Washington, D.C. – Oregon’s U.S. Senators Jeff Merkley and Ron Wyden today announced a total of $1,370,473 in grant money from the Bureau of Reclamation to reduce the impact of drought in Central Oregon. These funds will help establish and administer a water bank for the Deschutes Basin of Central Oregon, increase water monitoring within irrigation districts, and improve drought forecasting. This is one of 13 initial projects nationwide selected by the Bureau of Reclamation in 2022 to build long-term drought resiliency.
“Oregon has been severely impacted by extreme drought conditions, and we still have a ways to go to provide farmers, ranchers, and Tribes with the resources and assistance they need to get through these extremely difficult water years,” said Merkley. “I am pleased the Bureau of Reclamation recognizes the hard and important work done by the Deschutes River Conservancy and the Deschutes Basin Board of Control to combat drought conditions. I look forward to following the progress of this important project, and will keep pushing for Central Oregon to receive the funds and resources they need to combat and build long-term drought resiliency programs.”
“Drought has hit Central Oregon hard, and I’m gratified these federal resources earned by the Deschutes River Conservancy and the Deschutes Basin Board of Control will help ranchers, farmers and Tribes weather this major challenge to their livelihoods,” said Wyden. “It’s clear more needs to be done to assist these Oregonians as well as others in similar straits statewide, and I’ll keep working to provide similar federal investments in building drought resiliency throughout Oregon.”
The Deschutes River Conservancy will work in conjunction with the Deschutes Basin Board of Control (DBBC) and various other stakeholders—such as member irrigation districts and municipalities—to develop a resource-efficient process to move water between users to combat resource needs specific to droughts. This project will create modeling efforts to understand both current conditions and to forecast and enhance real-time data collection when monitoring river flows and reservoirs at various basin locations. Modeling results will be analyzed through GIS data to look real-time flow conditions and land and water conditions. This information will provide water managers with the most accurate water resources data in the Deschutes Basin, enabling flexible and voluntary decision making on market-based reallocation of water, especially during drought conditions.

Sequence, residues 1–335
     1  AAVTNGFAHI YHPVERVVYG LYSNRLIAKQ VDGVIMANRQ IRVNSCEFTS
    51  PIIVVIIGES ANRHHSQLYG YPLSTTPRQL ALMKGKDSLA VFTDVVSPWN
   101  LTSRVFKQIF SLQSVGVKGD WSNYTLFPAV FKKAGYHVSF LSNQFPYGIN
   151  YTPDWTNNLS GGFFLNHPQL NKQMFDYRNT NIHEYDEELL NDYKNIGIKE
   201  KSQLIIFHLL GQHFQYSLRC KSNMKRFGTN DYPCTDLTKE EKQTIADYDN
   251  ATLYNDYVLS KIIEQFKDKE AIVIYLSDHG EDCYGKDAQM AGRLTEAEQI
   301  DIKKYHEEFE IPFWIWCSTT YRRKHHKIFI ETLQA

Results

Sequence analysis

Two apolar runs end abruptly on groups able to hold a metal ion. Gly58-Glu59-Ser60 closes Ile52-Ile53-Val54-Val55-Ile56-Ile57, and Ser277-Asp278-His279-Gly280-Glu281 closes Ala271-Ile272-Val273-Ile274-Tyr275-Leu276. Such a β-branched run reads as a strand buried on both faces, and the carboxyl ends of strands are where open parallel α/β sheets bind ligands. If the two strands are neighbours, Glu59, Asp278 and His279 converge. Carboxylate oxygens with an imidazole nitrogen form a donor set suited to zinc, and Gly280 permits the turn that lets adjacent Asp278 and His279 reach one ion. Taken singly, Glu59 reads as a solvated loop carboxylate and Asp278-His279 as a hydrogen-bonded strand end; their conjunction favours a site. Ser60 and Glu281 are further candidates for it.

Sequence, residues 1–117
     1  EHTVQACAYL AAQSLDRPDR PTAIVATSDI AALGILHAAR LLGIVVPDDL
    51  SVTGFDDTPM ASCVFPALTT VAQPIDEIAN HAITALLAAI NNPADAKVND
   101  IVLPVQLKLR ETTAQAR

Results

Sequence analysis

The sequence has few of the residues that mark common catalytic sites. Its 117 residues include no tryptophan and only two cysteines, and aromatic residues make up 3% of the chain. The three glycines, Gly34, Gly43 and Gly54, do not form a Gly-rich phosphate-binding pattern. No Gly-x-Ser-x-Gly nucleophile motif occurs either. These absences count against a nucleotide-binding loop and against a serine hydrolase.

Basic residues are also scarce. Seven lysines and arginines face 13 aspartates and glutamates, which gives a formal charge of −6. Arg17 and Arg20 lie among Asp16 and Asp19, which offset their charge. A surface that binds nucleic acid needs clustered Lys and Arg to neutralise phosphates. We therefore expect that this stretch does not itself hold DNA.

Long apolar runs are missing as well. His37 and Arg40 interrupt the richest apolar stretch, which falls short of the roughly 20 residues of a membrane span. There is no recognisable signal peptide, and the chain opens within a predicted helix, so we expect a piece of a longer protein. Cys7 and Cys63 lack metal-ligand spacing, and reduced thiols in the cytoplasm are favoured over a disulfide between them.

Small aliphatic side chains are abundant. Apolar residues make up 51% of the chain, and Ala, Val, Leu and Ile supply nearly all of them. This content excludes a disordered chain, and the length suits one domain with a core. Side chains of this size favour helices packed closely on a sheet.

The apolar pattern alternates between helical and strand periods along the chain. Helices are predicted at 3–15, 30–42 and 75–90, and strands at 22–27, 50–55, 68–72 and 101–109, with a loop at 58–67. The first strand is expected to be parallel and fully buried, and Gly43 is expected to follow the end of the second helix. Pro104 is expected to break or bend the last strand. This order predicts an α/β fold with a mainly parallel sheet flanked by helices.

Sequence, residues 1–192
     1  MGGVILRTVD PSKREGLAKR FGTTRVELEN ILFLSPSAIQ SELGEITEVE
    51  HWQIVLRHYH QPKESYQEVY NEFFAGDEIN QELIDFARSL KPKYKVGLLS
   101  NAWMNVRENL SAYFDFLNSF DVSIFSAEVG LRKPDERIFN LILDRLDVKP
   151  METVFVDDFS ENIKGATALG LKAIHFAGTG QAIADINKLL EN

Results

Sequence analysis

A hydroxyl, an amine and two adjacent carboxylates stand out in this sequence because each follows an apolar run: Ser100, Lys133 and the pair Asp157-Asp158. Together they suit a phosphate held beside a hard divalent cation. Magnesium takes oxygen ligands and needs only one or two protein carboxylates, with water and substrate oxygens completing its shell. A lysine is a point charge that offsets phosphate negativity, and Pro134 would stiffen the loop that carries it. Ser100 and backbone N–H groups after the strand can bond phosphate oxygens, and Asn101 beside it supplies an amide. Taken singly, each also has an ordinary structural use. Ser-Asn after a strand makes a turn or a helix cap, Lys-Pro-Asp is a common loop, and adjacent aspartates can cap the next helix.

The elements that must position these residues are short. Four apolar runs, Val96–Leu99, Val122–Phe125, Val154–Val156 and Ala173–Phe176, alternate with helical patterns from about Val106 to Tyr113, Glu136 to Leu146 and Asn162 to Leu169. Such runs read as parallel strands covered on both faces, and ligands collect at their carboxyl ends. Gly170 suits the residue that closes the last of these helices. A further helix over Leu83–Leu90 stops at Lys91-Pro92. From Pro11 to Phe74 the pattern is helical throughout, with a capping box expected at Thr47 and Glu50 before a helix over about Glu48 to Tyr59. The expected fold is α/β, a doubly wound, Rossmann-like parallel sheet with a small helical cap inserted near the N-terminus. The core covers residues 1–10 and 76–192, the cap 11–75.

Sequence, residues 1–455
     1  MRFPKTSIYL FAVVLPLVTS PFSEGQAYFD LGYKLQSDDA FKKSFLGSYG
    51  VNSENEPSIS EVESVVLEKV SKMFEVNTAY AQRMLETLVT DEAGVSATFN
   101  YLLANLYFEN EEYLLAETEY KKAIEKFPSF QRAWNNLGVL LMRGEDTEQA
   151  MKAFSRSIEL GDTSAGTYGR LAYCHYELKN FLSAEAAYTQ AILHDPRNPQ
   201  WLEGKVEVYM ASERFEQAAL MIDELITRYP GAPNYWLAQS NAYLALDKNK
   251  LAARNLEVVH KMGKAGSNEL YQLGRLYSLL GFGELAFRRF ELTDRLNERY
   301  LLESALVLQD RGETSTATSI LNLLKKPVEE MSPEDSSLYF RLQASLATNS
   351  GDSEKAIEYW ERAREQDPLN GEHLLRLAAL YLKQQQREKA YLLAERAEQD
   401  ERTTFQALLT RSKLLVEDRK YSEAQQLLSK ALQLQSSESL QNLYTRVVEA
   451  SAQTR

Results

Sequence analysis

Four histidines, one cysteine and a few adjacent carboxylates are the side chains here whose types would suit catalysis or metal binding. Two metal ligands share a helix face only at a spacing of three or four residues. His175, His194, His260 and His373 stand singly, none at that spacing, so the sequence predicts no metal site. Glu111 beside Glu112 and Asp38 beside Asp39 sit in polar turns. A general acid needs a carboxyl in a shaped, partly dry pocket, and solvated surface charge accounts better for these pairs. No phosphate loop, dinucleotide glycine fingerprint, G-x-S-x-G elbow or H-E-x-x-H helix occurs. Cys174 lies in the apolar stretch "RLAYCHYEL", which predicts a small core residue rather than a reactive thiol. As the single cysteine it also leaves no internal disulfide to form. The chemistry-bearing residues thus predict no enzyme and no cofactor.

“This funding could not have come at a better time,” said Kate Fitzpatrick, Executive Director of the Deschutes River Conservancy. “As the Deschutes Basin endures continued drought, we need to implement all available strategies to meet streamflow and community water needs. This federal investment in establishing a voluntary water bank that can meet needs adaptively and in real-time will accelerate our collective work to solve difficult water issues.”
“Deschutes Basin irrigation districts are committed to adapting to the changing climate conditions and taking a collaborative approach to improving water reliability in a way that does the most good for farmers, the community, and the environment,” said Craig Horrell, Chair of the DBBC. “The $1.3 million investment in the Deschutes Basin will be utilized to find better and more efficient ways to move and monitor water for years to come.”